From the people that brought you Interesting Trivia and More Interesting Trivia, comes the latest trivial sensation:
Even More Interesting Trivia?! – woo hoo, yay, big round of applause.
Did you know that crocodiles cry when eating? Its true!
Crocodiles, and their cousins the alligator, are deeply sensitive beasts who often spend hours at a time rationalising the forthcoming slaughter and mastication of the baby zebra playing at the edge of the waterhole. Taking a life does not come natural to natures ‘gentle lizard’.
You see, crocodilia are ancient creatures from the late cretaceous, a time when life was simple. A time when Raptors ran through the rapeseed, Gallimimus galloped through the grass, Diplodocus danced in the daisies and Tyrannosaurs tip-toed through the tulips. Volcanoes announced their eruptions weeks in advance and asteroids waved hello as they passed by at a safe distance.
Weekly meetings of Predators Anonymous were held amongst the heather to assist those poor unfortunate individuals who were born without molars. Many a despondent Deinonychus was counselled by a caring caiman during those early days. It was a peaceful time, a happy time, until a fuzzy little biped with opposable thumbs began sharpening sticks and throwing stones.
Nowadays the old croc is all alone in the world. His ancient acquaintances are either extinct or evolved into birds, and whenever he tries to smile at a human he gets shot in the head. There is no support group, no outlet for his emotions. So when he kills, and kill he must, he sheds a little tear.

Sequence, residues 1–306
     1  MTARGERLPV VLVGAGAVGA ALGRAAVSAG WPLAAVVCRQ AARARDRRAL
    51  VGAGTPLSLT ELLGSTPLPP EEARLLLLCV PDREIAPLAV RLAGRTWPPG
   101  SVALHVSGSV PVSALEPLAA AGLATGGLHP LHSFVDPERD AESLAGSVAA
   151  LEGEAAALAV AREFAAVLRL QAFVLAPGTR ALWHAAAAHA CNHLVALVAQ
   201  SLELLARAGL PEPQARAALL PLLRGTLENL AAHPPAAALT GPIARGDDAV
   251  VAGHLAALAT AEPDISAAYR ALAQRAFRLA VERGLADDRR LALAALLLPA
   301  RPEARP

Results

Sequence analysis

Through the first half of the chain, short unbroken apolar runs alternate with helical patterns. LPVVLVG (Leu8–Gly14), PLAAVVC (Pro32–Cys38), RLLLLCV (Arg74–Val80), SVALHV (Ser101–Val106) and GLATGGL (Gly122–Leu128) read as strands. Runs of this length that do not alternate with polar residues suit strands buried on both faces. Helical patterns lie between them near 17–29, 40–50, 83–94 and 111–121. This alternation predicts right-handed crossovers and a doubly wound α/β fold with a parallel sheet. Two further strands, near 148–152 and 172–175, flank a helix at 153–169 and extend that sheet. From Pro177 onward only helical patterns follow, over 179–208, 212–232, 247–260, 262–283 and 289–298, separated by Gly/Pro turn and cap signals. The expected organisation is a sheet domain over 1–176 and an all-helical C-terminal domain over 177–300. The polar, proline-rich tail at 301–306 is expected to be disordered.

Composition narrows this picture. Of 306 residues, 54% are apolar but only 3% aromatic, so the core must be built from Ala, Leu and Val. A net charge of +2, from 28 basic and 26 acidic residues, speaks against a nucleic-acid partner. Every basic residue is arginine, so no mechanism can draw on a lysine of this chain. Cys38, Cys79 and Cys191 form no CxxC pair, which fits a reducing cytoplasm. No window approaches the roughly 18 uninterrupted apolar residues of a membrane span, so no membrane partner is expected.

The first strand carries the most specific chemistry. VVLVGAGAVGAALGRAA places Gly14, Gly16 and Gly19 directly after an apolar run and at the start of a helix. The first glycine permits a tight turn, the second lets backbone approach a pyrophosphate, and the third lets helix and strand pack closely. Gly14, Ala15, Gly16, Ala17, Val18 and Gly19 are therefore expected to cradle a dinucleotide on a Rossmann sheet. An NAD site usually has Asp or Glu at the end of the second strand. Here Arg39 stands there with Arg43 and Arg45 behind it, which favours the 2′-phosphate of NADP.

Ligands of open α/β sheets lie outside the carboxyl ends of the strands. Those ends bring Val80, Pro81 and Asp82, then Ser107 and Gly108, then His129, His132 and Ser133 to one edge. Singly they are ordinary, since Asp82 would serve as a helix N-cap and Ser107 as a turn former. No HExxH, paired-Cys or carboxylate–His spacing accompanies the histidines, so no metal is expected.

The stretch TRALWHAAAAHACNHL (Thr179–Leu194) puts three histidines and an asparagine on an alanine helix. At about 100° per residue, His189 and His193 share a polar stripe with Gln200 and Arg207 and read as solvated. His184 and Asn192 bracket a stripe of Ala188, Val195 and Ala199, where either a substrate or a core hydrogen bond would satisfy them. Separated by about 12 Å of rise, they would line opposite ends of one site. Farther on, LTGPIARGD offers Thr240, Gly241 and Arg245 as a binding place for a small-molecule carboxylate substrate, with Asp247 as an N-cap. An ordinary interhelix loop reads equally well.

So please try and remember this story when you meet our scaly friend. And if he happens to have a little nibble on your bum well, as Homer Simpson once said, ‘its just like going to sleep – in a blender’.
A ring, a ring o’ roses,
A pocket full o’posies
We all fall down.
What a cute, nonsensical nursery rhyme – NOT!!! Its actually an evil little ditty about death and decay, dating back to the first outbreak of bubonic plague in England in the 1300’s
Old Mother Goose, the wicked witch of Westfarthing penned the poisoned words in the basement of her thatched hut where she brewed the black-death in a blood soaked cauldron. Scared yet? You should be!
As their skin decayed and began to slough off the their bones, a fetid reek would begin to effuse the environment. Victims would stuff their pockets with herbs and wildflowers to ward off the stench. The most common flora available being posies, hence the second line of the rhyme.
Sneezing helped to spread the disease, as did coughing up blood and the lack of an adequate sewerage system.
We all fall down – You’re dead!
Nowadays we read this poem to our children in complete ignorance of its insidious meaning, but pityriasis rosea still exists people and it’s an itchy legacy of the Goose woman.